The Brand Only PBM

A few years ago, I would have argued that PBMs could one day simply cover generic drugs and not cover brand drugs.  With most therapy classes (excluding specialty) having multiple generic options, this seemed possible.  Already, some companies have generic fill rates which are above 70% (meaning that 70% of all prescriptions filled are filled with a generic).

But, now I am wondering the opposite.  If retailers drop generic drugs to $4 and make them available in 90-day supplies for $10 (see Wal-Mart), do you need to PBM in the middle managing those claims?

There are of course several questions to be answered:

  • What percentage of the total generics filled in the market are available at these prices?
  • What happens with new generics that typically have a higher price for the first 6-months?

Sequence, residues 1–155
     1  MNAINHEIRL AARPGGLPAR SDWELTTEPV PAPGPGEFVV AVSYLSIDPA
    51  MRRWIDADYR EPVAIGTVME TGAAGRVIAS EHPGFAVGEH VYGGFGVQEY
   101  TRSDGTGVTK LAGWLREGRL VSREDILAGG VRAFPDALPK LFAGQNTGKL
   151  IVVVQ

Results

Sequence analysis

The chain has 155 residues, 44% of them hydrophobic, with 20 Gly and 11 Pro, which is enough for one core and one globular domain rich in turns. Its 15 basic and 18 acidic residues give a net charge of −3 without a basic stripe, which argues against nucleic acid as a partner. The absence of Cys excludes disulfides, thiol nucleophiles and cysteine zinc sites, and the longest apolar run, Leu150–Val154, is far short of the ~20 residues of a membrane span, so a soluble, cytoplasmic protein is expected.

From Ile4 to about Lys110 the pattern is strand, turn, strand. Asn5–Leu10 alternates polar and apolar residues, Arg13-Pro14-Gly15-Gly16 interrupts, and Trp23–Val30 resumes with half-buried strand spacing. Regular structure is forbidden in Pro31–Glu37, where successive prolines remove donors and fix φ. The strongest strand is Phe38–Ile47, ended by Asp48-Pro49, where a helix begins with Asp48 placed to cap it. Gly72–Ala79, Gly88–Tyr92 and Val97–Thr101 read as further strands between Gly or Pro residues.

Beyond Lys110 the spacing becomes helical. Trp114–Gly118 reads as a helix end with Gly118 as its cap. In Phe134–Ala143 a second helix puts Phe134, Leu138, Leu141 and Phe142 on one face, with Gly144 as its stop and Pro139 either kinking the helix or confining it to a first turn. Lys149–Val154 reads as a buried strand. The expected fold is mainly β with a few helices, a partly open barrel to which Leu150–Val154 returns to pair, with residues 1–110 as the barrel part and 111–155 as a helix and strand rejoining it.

• Do these claims still get processed so that they show up in the PBM claims database to be used for drug-drug interactions?

And, Wal-Mart upped the ante here including over-the-counter drugs which typically aren’t covered by insurance.  We aren’t there yet, but it poses an interesting question about the future breadth of coverage and what the implications could be.  Today, most PBMs don’t make money on the brand drugs other than perhaps an administrative fee paid by the pharmaceutical manufacturer for those drugs that are on formulary.  (Something in the range of $1-$5 per claim depending on the cost of the drug and the contract.)

It would turn the market upside down also since a lot of the intervention programs today are in place to drive use of generics as first-line therapy so if they weren’t part of the benefit then the programs wouldn’t have as much value.

Just a thought.  BTW – I have asked the Wal-Mart people to answer the last question above for me since I am interested in whether this is a real issue today or whether most of these claims get paid out using the U&C (usual and customary) field and logic in the POS (point-of-sale) system (i.e., they process as paid claims not cash claims).

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